I'm at Starbucks in Beijing the other day, stealing their wireless. It seems to be some odd company policy that transcends borders. In New York City Starbucks is one of a couple stores where you will never be hassled for using the bathroom without buying anything (which makes the bathroom line an interesting ethnographic site in itself). In Beijing you can sit down and surf the web for an hour without buying anything and they won't look at you twice.
Anyway, its the Olympics and there is a swell of journalists descending on the city. You see them everywhere, filming various street scenes and talking to people. A radio journalist, who I want to say is French, is talking to a bunch of upscale Chinese 30 somethings who are sipping their Frappacinos. From what I can overhear, she seems to have gone through the "Local Superstitions" section of her tourist guidebook and is asking them about it.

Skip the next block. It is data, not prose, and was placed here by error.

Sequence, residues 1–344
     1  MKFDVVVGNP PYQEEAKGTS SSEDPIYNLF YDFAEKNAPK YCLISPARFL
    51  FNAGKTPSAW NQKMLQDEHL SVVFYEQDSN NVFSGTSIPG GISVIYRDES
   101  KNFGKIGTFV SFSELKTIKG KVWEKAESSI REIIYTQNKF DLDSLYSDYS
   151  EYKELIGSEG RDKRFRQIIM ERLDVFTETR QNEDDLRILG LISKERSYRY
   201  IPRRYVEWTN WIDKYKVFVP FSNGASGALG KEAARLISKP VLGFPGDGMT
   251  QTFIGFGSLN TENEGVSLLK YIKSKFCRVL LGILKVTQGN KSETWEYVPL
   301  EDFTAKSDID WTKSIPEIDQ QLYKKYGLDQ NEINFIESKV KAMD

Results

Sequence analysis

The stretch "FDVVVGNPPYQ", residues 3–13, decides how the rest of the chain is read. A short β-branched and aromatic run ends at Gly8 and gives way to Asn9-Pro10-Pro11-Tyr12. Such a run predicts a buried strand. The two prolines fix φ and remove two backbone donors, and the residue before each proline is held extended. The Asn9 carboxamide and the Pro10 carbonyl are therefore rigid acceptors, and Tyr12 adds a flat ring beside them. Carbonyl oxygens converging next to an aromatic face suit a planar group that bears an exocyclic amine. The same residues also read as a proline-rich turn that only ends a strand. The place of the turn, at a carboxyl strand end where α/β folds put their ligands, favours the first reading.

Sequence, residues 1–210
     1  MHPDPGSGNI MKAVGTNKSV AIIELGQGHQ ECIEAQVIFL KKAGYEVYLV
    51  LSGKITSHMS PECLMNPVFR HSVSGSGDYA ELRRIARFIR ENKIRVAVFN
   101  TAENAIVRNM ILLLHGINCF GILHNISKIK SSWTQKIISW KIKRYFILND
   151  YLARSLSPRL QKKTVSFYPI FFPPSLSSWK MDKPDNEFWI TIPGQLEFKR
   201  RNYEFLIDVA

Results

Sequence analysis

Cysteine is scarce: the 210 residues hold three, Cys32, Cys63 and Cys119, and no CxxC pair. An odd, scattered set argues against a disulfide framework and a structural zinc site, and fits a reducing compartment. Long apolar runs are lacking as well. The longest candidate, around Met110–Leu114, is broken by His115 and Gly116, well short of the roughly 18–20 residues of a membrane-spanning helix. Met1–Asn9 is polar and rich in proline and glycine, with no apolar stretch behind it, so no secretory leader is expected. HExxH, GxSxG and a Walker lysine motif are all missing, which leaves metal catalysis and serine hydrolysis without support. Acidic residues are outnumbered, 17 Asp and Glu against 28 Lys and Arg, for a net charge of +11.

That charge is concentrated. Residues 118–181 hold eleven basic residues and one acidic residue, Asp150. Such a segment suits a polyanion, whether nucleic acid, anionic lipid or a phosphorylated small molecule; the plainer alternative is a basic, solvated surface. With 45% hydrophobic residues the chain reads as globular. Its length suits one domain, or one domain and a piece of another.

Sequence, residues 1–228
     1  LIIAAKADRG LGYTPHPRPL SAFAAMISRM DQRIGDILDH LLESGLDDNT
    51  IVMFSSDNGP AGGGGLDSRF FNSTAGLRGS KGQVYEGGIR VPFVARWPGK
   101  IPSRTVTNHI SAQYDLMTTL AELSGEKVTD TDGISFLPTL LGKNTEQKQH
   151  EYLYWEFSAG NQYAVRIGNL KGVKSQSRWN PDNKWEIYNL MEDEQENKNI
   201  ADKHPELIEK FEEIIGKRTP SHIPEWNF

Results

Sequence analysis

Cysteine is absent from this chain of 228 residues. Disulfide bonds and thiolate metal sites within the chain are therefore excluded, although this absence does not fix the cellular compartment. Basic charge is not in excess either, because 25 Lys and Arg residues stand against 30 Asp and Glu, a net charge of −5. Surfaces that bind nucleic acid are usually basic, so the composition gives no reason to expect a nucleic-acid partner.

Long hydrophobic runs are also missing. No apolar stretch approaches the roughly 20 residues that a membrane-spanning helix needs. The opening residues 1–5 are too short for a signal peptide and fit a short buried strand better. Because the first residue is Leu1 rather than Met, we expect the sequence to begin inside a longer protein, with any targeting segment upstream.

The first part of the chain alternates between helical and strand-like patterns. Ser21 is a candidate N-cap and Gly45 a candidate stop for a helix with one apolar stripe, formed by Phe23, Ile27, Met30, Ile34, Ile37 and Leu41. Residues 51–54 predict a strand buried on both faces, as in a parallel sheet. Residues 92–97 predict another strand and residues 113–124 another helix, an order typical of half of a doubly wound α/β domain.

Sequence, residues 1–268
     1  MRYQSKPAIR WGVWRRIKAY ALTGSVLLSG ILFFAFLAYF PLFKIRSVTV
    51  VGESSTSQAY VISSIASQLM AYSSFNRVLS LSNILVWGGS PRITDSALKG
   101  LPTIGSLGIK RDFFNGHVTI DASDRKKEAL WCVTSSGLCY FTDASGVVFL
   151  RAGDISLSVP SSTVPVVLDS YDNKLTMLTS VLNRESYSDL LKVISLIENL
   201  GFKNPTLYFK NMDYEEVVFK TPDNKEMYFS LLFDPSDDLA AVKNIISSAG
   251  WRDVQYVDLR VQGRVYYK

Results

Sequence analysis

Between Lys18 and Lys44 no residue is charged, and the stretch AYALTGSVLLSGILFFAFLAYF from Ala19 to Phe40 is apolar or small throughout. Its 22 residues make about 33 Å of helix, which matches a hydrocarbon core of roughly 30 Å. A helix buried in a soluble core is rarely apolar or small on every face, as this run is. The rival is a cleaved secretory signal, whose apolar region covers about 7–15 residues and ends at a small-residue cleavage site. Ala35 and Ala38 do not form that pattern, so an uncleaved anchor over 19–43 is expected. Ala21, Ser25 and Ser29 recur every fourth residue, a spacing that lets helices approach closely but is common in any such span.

"Why do the Chinese believe this...."
"And what is the origin of this custom..."
One of them speaks English, and is reporting back for the group. A lot of their deliberation consists of "What is she talking about.... I've never heard of that, have you?"
The guy who speaks English starts most of his sentences with "We Chinese..."
I am filled with the urge to put on my anthropologist hat, and introduce myself as an expert on Chinese culture.
"The Chinese are a primitive people, who's culture is based on superstition and fear of the unknown..."
The good thing is that I am constantly surrounded by a reminders that - no matter how bad my own research into China could get, I'm far from the worst.
That, and I've been filmed doing kung fu on Al Jazeera and some German TV station.